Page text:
…The Hard Truth with Dr. Kennedy Musonda
THE topic of heaven and hell belongs to a theological study called eschatology. Eschatology is a compound word from two Greek words, eschatos, “an adjective that means ‘farthest’ or ‘last,’ and logos, a noun meaning ‘word’ or ‘study.’ Eschatology, therefore, is the study of what is ultimate or last, that is, what is final in the program of God.
Eschatology as a field of theological study is divided into two parts: cosmic eschatology and individual eschatology.
While cosmic eschatology refers to the second coming of Christ and the end of all things as we know them, individual eschatology refers to what happens to a person when he or she dies. The question of hell is a critical component of individual eschatology. It is therefore important that we delve into its intricacies.
There are several theological positions that were expressed in the responses to my article. The first one is universalism. Universalism is the belief that all humanity will be saved in the end regardless of how they lived. This notion does not believe in hell. The second one is inclusivism, which is the belief that the saving work of Christ encompasses all people of sincerity and goodwill regardless of their religious faith and irrespective of their awareness of Christ’s death on the cross.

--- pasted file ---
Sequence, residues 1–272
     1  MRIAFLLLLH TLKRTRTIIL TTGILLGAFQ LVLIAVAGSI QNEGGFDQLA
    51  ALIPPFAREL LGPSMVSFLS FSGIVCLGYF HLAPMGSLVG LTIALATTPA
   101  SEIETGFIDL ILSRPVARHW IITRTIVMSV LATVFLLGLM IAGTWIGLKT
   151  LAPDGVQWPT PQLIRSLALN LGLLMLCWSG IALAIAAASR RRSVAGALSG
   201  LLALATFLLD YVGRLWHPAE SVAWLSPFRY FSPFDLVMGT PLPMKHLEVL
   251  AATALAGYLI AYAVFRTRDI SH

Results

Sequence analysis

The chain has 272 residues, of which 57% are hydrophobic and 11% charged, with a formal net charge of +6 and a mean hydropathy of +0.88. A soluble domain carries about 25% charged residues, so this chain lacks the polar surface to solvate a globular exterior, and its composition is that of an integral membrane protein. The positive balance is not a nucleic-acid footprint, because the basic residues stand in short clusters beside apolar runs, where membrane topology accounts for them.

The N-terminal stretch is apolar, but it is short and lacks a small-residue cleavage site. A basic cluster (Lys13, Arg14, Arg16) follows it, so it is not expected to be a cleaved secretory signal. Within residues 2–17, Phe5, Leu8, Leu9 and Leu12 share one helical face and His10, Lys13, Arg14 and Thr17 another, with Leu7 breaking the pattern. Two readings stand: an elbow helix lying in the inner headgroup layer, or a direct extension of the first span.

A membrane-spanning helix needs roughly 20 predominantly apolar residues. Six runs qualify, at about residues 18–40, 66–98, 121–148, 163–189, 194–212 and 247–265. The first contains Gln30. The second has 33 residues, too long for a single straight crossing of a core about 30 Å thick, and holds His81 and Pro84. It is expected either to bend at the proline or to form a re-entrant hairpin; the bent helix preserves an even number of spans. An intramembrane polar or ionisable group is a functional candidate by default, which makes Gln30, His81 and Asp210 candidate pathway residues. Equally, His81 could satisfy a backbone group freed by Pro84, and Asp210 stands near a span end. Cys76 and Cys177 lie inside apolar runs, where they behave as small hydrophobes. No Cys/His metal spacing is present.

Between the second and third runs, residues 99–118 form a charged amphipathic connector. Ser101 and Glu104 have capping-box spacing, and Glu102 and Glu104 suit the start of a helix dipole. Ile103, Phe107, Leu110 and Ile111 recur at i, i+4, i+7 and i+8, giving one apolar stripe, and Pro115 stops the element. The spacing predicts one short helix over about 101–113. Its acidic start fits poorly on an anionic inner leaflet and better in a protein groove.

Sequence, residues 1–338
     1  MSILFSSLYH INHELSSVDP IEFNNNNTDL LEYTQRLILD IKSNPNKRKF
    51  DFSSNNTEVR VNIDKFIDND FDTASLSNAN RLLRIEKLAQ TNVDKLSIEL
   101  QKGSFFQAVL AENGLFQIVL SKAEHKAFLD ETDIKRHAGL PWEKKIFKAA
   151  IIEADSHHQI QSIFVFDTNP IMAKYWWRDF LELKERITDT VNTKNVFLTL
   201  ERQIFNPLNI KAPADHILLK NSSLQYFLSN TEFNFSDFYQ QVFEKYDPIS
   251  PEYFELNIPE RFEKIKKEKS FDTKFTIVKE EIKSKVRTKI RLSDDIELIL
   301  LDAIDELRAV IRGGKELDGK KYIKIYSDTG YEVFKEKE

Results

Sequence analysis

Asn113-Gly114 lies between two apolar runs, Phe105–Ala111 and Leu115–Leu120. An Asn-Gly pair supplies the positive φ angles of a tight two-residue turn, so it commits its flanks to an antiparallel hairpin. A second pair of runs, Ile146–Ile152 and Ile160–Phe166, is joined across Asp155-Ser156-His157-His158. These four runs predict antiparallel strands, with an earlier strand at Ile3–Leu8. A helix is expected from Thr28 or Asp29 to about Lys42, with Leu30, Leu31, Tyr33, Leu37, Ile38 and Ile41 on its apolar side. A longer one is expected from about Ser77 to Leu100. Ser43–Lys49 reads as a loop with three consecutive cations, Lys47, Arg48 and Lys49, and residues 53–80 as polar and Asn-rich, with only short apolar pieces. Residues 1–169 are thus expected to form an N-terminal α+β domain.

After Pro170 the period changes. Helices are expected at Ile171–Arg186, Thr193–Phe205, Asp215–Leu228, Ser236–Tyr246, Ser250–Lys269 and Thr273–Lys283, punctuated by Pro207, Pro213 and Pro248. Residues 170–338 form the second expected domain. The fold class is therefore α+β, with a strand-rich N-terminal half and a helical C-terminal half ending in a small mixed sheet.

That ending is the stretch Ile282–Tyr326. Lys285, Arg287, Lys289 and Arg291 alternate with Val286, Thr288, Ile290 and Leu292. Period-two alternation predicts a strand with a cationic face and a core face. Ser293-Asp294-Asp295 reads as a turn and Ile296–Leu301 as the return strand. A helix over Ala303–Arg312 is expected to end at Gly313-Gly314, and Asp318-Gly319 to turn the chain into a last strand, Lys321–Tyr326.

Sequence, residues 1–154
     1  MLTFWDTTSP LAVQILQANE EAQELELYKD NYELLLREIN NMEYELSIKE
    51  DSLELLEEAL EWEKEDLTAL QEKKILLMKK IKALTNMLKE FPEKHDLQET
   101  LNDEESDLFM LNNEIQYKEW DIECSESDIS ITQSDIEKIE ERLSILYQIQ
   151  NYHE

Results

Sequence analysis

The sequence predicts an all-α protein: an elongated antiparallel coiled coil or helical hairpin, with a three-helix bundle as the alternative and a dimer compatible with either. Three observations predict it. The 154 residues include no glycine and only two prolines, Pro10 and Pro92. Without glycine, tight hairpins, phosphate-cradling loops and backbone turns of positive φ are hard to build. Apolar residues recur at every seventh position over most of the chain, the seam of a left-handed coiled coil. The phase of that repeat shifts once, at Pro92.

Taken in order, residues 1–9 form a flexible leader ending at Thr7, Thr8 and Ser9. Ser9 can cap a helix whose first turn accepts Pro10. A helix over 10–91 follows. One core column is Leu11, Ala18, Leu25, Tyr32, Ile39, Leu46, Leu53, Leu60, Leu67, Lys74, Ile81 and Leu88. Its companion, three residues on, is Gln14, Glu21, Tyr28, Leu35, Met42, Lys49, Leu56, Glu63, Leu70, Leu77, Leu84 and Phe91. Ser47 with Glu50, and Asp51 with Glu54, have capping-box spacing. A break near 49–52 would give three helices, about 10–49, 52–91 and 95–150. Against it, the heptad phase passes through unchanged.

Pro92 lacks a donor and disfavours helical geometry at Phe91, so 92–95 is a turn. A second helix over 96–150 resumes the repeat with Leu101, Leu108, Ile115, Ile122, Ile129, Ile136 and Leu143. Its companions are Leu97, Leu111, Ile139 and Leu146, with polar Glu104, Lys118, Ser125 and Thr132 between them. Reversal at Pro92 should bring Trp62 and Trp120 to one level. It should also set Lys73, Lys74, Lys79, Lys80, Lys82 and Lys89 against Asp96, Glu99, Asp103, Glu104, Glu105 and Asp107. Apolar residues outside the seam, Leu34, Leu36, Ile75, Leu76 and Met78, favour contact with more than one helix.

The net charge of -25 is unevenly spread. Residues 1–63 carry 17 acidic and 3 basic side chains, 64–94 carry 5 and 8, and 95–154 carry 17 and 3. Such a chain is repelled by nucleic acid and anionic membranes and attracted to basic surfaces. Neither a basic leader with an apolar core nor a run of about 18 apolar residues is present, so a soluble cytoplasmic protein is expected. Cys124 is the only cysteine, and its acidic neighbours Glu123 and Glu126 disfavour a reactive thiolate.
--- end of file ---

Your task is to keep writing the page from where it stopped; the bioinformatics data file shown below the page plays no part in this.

Some people argue that because Christ died for the sins of all people, no one will go to hell. The third view is known as extended probation. Extended probation states that a person is given a second chance to repent and have faith and be converted for a limited time after death.
Others still believe that the actions of the living here on earth can shorten the period of the probation. The most prominent view that came out of readers’ responses was annihilationism. Annihilationism is a belief that the conscious existence of the unsaved ceases at the time of death. This view denies the eternal lostness of the sinners, denying an everlasting conscious punishment apart from Christ.
We need to look at scripture. Several scriptures show the conscious existence of dead sinners. Jesus said, “depart from me, ye cursed into everlasting fire (Matthew 25:41). Revelation 14:11 says, “the smoke of their torment ascends up forever and ever, and they have no rest day and night.” If the fire is only symbolic, what does not having rest mean if the dead are destroyed?
Next week, I will be discussing specific issues raised by readers in response to my last article. Once more continue providing feedback on this discourse.
Author: Dr. Kennedy Musonda holds a Bachelor and Master of Social Work, a Postgraduate Diploma in Management Studies, a Master of Business Administration (MBA) and a Ph.D. in Business Administration. Dr. Musonda, who is an international development consultant, is set to complete his Bachelor of Arts in Theology mid-year.
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